Long-delayed monthly financial performance data shows district health boards are heading for a big combined deficit of $346 million.
The Ministry of Health finally released today monthly updates on financial performance for DHBs, which were halted at the end of June last year.
They show almost all DHBs are expecting to end the current financial year in the red, with a potential budgeted financial year-end deficit for all DHBs of about $346m.
Health Minister David Clark said the forecasts were disappointing but not unexpected, putting the blame on the previous National government.
"Our public health service was chronically underfunded by the previous government. For nine years DHBs were financially squeezed and staff were put under huge pressure," he said in a statement.
He said the major driver of DHB deficits was increased staff costs, including the hiring of an additional 2667 full-time equivalent staff in the first half of the 2018/19 year, at a cost of about $126m.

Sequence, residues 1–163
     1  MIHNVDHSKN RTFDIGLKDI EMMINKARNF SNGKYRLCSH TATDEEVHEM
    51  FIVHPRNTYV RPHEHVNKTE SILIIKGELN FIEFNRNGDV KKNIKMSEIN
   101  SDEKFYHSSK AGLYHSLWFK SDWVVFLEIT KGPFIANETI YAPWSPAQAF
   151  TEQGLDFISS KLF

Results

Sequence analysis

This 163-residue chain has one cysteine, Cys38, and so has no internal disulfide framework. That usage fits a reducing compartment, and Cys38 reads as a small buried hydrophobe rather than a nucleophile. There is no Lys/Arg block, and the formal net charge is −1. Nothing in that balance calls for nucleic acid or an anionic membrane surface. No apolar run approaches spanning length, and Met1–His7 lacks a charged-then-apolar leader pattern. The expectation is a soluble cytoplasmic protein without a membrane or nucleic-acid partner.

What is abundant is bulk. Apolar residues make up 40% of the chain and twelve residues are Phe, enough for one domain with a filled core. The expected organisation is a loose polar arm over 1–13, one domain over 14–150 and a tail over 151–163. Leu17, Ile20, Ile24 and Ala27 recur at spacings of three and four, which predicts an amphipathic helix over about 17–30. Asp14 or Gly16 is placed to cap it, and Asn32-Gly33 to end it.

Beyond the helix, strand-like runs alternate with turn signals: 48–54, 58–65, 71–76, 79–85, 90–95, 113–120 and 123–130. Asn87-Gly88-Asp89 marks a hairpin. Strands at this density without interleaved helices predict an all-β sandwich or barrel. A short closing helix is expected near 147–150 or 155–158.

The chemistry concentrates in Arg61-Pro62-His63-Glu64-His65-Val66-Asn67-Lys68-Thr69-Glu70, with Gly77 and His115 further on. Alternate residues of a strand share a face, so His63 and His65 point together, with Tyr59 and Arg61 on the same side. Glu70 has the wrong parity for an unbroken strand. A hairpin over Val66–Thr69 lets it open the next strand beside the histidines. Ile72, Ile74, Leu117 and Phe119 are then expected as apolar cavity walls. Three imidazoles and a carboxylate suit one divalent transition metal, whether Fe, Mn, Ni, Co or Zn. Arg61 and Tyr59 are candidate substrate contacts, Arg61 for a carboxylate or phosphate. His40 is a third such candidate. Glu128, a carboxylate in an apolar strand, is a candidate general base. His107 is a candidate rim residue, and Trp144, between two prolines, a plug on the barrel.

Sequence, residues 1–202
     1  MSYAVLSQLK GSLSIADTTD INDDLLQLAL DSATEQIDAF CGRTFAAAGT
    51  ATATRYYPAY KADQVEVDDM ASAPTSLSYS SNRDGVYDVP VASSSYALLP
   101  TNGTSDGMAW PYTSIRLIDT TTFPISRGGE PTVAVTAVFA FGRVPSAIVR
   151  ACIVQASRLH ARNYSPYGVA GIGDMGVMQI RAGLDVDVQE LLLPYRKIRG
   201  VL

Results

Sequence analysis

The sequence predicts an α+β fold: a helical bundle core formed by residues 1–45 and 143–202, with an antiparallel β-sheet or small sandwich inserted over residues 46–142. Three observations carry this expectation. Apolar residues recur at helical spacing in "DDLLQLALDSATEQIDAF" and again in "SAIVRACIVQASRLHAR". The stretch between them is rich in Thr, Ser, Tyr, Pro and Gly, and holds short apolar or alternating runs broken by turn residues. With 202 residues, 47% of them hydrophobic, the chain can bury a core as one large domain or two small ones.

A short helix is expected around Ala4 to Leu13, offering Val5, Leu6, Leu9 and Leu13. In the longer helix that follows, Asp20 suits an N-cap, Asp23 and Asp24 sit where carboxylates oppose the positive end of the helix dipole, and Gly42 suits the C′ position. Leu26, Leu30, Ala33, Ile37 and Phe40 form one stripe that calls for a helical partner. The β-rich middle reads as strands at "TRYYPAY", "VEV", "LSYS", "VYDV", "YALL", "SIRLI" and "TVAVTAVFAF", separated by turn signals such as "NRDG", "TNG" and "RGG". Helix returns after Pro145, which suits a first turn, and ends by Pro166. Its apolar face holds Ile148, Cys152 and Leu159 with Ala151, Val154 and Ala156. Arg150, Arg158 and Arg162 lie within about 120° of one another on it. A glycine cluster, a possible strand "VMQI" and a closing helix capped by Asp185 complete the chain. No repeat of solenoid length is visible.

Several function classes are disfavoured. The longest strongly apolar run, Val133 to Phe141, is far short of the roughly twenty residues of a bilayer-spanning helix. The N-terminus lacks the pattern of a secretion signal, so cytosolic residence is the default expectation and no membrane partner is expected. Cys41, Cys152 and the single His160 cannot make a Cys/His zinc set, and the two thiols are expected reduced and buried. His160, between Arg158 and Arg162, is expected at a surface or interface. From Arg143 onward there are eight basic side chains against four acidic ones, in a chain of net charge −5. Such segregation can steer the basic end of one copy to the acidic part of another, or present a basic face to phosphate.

That figure included 440 extra medical staff, 1271 more nurses and 303 allied health workers.
"In our first Budget we invested $2.2 billion more in DHBs over four years – the biggest increase in operational funding in the last decade. Another $750 million was put into capital works in Health. However, we always knew that it would take more than one Budget to address the legacy of underfunding.
"This Government will continue to invest more in Health so that DHBs can continue to deliver the quality services that the public expect and deserve. But DHBs must also spend every health dollar wisely.
Clark warned DHBs in a letter in December last year to pick up their financial game or face more governance and possible board changes.
Today he said it was "not acceptable" that some DHBs were forecasting deficits to continue for years to come.
"In that letter I made it clear I am monitoring the performance of all DHBs closely and will consider a range of options to improve performance if necessary, including changes to the membership of boards. I also raised these matters directly with board chairs and chief executives last week," he said.
"The Government is managing significant cost demands after nine years of underfunding across the board, but we are prudently managing the books and running a surplus. We expect DHBs to display the same sort of financial discipline."